Himalayan 100 Mile Stage Race: Day 5, final 27 km to complete our 160 km ultramarathon, woohoo!

Finished! Thanks to Nil Bohigas for the photo.

Finished! Thanks to Nil Bohigas for the photo.

My legs had felt great after the first three days. Even though they were on the rougher terrain – tough trails, high elevation, lots of long ascents and descents – Day 4 on the roads was much harder on my body. That’s because, on the trails, I do a mixture of running and hiking. (Not to mention, I was running this race as a journalist – I had good excuse to stop, to take photos, too). But Day 4 was all on pavement, and it was hard to justify not running (not to mention I was motivated to run hard that day, as I realized I had the possibility of breaking 30 hours for my total ultramarathon time).

So this final day was the first day that I started with a bit of muscle soreness. But, in context, that’s not actually too bad, with four days and about 130 km behind me. I woke up feeling motivated again. This time we started with a long, 10 km / 6 mile ascent  – getting bussed in from Rimbik to start at the same place where we had finished the day before (that was actually a very nice bit of route planning, because it meant we stayed at the same hotel those two nights, rather than having to pack up every morning). So this morning’s 600 m climb was actually just a continuation of yesterday’s 500 m climb up from the Ladoma River – over 1 km up the valley wall!

Ready to finish this thing! The start line on Day 5.

Ready to finish this thing! The start line on Day 5.

Then from there was the final long downhill (17 km!). There were definitely a few nackered knees today. I was amazingly injury-free, which was especially amazing considering that in the last two years I have had extended bouts of runner’s knee (PFP), achilles tendinitis, and metatarsalgia. I usually do relatively well on the later days of these multi-day ultramarathons. I am never a fast runner – but I am good at taking care of myself on these endurance events. Usually around Day 4 I start creeping up in the standings relative to the other runners, and this Himalayan race was no exception.

Again, my full race report for the day can be found on SleepMonsters – and here are the photographic highlights:

Off from the start line - the fastest runners just going out of sight around the first curve, and the rest of us pacing ourselves for a walk/run routine to make it up this final huge hill.

Off from the start line – the fastest runners just going out of sight around the first curve, and the rest of us pacing ourselves for a walk/run routine to make it up this final huge hill.

This was a long uphill slog, especially for anyone nursing an injury or not feeling well.

This was a long uphill slog, especially for anyone nursing an injury or not feeling well.

I didn’t take any more pictures from here on. This long uphill was mostly forested, so there weren’t any views – and, being the side of the valley shaded from the morning sun, it was also surprisingly cold. I just kept to my walk-run routine, running as much as I possibly could, and was happy to be keeping a really good pace, ahead of most of the people that I usually am following.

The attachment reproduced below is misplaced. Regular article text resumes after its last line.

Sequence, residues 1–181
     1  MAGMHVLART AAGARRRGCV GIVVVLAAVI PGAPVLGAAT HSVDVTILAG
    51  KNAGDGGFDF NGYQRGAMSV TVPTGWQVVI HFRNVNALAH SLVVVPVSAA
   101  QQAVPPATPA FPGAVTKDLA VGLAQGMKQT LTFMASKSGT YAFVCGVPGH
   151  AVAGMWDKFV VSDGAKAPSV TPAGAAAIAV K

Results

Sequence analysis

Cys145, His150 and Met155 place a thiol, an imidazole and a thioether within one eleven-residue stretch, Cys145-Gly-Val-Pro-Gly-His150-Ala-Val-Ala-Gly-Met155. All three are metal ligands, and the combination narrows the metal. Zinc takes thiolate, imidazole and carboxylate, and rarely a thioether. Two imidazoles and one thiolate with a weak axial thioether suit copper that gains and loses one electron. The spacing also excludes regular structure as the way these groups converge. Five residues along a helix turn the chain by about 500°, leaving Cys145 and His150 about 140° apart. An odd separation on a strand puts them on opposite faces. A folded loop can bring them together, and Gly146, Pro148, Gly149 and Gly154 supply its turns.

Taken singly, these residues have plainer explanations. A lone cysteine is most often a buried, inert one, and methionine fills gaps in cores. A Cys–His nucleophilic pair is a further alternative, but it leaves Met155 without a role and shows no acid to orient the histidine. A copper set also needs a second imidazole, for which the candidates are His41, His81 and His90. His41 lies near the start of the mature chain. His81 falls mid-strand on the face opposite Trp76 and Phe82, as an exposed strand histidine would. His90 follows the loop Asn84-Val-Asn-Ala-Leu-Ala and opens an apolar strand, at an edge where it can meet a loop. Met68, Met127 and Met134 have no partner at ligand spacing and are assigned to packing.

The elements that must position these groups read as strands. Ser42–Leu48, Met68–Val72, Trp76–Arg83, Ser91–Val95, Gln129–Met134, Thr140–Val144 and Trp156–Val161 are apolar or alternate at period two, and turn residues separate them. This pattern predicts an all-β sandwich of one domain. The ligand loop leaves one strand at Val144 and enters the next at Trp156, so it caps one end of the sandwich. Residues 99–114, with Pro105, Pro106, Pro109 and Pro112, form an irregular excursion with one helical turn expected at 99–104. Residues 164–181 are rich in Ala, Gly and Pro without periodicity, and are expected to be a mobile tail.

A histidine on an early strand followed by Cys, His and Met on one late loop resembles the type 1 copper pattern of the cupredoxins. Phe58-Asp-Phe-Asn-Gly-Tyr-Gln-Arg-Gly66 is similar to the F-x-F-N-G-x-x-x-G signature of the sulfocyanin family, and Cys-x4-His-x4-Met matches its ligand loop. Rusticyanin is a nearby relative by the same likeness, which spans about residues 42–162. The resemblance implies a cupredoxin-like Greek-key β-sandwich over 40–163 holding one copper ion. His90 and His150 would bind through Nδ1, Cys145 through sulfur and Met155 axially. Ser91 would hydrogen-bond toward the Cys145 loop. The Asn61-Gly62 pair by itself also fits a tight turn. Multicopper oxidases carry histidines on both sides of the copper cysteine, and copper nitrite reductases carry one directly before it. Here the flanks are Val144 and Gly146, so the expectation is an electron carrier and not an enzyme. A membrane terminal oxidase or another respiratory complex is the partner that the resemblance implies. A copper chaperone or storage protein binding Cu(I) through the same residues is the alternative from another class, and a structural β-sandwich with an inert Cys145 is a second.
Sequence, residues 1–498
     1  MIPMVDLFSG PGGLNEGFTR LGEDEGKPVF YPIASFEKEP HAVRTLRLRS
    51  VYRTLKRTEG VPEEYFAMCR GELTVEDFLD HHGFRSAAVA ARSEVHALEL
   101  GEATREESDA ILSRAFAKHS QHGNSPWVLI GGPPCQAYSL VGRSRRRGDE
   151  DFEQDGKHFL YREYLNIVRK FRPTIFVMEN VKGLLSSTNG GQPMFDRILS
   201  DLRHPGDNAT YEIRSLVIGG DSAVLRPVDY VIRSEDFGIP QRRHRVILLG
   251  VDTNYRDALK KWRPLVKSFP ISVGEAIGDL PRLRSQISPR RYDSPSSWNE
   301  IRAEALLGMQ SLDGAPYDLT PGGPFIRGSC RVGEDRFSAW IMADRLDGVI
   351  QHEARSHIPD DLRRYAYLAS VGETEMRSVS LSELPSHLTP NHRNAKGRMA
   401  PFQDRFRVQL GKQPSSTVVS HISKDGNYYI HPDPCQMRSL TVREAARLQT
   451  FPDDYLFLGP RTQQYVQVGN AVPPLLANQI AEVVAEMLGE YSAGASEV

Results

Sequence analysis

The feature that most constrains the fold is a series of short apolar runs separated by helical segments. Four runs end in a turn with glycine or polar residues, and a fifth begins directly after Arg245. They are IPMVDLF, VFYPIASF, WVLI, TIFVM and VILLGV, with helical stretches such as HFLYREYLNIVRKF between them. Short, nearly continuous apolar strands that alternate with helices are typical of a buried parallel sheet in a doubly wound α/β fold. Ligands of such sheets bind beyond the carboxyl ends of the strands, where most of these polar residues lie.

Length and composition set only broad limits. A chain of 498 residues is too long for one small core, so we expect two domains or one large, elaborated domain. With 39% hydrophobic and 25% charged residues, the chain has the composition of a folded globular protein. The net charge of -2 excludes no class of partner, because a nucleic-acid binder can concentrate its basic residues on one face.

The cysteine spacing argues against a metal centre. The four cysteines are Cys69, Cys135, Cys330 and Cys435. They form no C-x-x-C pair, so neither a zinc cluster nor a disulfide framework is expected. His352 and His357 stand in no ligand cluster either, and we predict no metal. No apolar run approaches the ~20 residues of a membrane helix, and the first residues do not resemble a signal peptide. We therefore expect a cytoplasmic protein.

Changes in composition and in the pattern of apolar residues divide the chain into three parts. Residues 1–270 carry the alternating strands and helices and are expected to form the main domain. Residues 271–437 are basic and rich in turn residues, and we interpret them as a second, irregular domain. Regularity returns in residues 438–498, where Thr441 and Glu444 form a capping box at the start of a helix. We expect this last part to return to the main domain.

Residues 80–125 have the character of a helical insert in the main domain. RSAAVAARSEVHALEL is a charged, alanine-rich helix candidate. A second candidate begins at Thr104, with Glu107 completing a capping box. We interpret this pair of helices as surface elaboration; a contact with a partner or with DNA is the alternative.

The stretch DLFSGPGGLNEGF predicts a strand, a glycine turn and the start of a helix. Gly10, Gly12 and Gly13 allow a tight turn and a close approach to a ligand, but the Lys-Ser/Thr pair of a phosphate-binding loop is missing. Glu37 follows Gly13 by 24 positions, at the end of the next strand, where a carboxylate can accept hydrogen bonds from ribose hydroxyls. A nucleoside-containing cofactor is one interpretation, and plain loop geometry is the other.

Local kids lined up to cheer us in!

Local kids lined up to cheer us in!

Once we made the top, we had 17 km of pretty much steady downhill ahead. Even on pavement, I am not that great a downhill runner, and many of the people who I had passed on the uphill now passed me. But my energy was great, and my knees were holding out – to my surprise, I passed several of them again about halfway down. It seemed forever until I started to hear the sounds of the finish line, children clapping and crowds cheering, still a few km down the valley. My legs were really hurting by now, I even had to take short walking breaks on the downhill just to relieve the pain… but I was so close!

The finish line was great - big crowds, and local kids lined up to tie a scarf around every finisher's neck.

The finish line was great – big crowds, and local kids lined up to tie a scarf around every finisher’s neck.

The support and the enthusiasm of the local kids, through ALL stages of this race, was really impressive. And just their staying power... they hung out for hours at aid stations or at the finish line on the route, just to cheer us on.

The support and the enthusiasm of the local kids, through ALL stages of this race, was really impressive. And just their staying power… they hung out for hours at aid stations or at the finish line on the route, just to cheer us on.

Claudia and Jerry finished together, just a few minutes behind me.

Claudia and Jerry finished together, just a few minutes behind me.

And here are Glenn and Yvette, finishing together.

And here are Glenn and Yvette, finishing together.

I finished in 3:33 – not an amazing time for a 27k, I know… but it was a tough route, one constant up followed by one constant down, following four long and hard days. I am totally happy with it. And it brought my cumulative time for the 160 km ultramarathon route to 28:17, well under the 30 hour goal I had set. And, even better, I finished feeling strong and happy and injury-free!

Yes!! (Thanks to Johan Berggren for this pic).

Yes!! (Thanks to Johan Berggren for this pic).

This was not just an amazing and challenging race… the Himalayan 100 Mile Stage Race is an incredible experience – whether you are a competitive ultramarathonner, or simply a trail runner with a sense of adventure. I truly hope to go back and do it again (next time, with Dave!) FYI: The race has been running for 24 years, so you can count on an experienced and reliable organization. Next year’s event runs October 16-23, 2014, info at: http://himalayan.com/

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